4 Things You Must Do After Suffering a Traumatic Brain Injury
A traumatic brain injury (TBI) refers to any time force directly or indirectly causes damage to your brain. One type of TBI is a closed head injury, which leaves the skull and dura mater intact. These types of injuries typically occur as a result of a car accident, fall, collision, and it can vary widely in severity and symptoms.
Even if there are no observable symptoms right away, you should be wary of a possible traumatic brain injury. Your brain is the seat of control in your body, so it’s incredibly important to keep it safe. To protect yourself, follow these steps if you’ve experienced a TBI.
Seek Medical Attention
Your first priority after an accident is to see a doctor. This is vital so you can begin documenting evidence of your injury. You’ll get immediate treatment for any obvious problems and a professional evaluation of the injury.
Victims of traumatic brain injury can lose consciousness or become confused and disoriented. The symptoms can also be more subtle and slow to appear. You can’t always tell if someone has suffered a brain injury right after an accident.
Observe Your Behavior
Even if a doctor checks you out and says there is no visible damage or closed head injury, continue to monitor for symptoms in the days and weeks to come. Damage to your brain can manifest in many different ways. You may experience:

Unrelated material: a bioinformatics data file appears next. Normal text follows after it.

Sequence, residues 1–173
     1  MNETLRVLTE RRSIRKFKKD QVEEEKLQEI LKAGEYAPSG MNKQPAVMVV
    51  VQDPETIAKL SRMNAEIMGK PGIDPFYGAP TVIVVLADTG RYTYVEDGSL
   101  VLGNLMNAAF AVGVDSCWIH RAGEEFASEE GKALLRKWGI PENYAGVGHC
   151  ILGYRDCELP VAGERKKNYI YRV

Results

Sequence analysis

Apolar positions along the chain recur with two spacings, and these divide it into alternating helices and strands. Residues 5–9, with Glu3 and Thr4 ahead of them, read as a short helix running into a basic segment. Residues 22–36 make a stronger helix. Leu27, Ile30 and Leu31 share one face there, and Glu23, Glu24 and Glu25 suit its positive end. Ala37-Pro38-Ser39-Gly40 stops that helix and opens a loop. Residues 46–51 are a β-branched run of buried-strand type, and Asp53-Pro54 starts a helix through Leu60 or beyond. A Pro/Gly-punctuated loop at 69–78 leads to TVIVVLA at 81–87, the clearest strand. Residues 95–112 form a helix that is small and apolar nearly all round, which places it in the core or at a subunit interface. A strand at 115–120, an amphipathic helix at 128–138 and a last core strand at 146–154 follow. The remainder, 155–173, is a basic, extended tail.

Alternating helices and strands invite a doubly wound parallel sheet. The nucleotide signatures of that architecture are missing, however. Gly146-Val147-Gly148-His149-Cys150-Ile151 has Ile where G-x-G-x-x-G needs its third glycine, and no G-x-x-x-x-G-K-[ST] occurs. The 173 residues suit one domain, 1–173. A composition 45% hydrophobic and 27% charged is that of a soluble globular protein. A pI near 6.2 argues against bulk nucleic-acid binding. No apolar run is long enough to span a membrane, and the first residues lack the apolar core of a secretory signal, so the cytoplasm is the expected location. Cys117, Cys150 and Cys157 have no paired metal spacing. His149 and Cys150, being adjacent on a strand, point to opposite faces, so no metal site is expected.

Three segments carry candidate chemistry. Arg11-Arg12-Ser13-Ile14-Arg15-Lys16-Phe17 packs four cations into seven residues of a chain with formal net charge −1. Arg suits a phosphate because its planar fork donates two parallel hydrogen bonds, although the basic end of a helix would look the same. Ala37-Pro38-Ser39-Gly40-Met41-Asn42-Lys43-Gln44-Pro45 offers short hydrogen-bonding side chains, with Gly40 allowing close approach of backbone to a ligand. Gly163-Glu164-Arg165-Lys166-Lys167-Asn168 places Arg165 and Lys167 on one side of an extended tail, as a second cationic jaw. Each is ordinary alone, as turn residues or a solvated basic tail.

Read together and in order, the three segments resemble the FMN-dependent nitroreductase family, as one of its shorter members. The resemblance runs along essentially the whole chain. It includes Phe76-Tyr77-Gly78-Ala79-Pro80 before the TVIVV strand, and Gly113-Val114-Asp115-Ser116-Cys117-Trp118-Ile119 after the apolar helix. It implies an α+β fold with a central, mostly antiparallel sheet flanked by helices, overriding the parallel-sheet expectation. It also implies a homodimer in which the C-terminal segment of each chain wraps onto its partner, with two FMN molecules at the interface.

- Blurred vision
- A lingering or unpleasant taste in your mouth
Any disruption in your normal behavior could be a symptom. You might start sleeping more or less than usual, or you might struggle to focus or remember things. If you are injured, ask others to help watch you for personality and behavior changes.
Plan a Follow-Up
Plan for a healthy recovery by keeping your doctor informed and following up on medical care. With mild injuries, watch for symptoms and see a doctor if they worsen. You may recover in a few weeks or months, depending on the severity of the injury.
A moderate or severe brain injury will require consistent follow-ups for an extended period of time. The injured party may need extensive rehabilitation to reacquire certain skills. The prognosis will differ depending on the location of the injury in the brain.
A traumatic brain injury can be a painful and life-changing event. At the very least, it will mean extra time, work, and stress for weeks or months. You’re going to need a support system around you to help you get through this challenging time.
If you’re dealing with an injury, you should take it easy and give yourself space to heal, passing on some responsibilities to others around you. Families that are caring for a loved one with long-term symptoms will need communication to make it work.
Helping a loved one through rehabilitation and recovery can be difficult, painful, and time-consuming, but you don’t have to do it alone. An attorney may be able to help you get the financial support you’ll need to move forward.